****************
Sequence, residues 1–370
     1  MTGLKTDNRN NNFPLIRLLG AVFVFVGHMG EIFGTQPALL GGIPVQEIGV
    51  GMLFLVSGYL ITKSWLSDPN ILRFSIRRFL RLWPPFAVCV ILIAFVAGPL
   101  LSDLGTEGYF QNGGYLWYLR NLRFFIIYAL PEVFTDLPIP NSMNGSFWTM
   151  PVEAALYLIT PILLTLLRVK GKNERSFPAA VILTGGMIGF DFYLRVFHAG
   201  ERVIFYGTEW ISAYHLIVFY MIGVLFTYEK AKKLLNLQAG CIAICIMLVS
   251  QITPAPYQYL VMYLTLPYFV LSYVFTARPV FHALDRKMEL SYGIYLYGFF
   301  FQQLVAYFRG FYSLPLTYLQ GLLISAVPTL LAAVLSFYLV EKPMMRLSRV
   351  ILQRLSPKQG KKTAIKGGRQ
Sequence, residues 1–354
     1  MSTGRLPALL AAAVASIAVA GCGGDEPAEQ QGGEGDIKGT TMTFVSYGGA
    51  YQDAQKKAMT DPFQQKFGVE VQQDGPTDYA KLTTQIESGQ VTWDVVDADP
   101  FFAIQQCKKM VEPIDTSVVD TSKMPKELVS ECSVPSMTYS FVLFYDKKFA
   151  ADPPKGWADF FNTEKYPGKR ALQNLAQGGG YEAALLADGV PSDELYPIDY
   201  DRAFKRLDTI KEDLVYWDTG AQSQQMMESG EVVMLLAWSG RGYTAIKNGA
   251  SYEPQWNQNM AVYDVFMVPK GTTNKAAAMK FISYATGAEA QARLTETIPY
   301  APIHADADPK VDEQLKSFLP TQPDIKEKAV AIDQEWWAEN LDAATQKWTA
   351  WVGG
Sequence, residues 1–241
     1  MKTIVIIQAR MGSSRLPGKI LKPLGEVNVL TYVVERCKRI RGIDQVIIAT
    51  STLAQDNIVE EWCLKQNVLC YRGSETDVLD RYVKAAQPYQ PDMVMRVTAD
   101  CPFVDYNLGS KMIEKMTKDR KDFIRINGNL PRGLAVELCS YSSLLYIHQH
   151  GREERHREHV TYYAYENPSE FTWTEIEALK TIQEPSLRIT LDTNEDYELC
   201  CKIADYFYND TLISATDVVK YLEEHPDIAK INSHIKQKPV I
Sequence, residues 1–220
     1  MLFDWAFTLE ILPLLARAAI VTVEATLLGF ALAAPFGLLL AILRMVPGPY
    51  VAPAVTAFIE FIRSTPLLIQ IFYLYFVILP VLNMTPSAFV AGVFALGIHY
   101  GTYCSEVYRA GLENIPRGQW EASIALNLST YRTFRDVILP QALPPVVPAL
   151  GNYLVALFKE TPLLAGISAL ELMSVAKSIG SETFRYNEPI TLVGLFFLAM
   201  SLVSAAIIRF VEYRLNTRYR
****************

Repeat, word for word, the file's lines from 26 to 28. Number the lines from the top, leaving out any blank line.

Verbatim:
     1  MLFDWAFTLE ILPLLARAAI VTVEATLLGF ALAAPFGLLL AILRMVPGPY
    51  VAPAVTAFIE FIRSTPLLIQ IFYLYFVILP VLNMTPSAFV AGVFALGIHY
   101  GTYCSEVYRA GLENIPRGQW EASIALNLST YRTFRDVILP QALPPVVPAL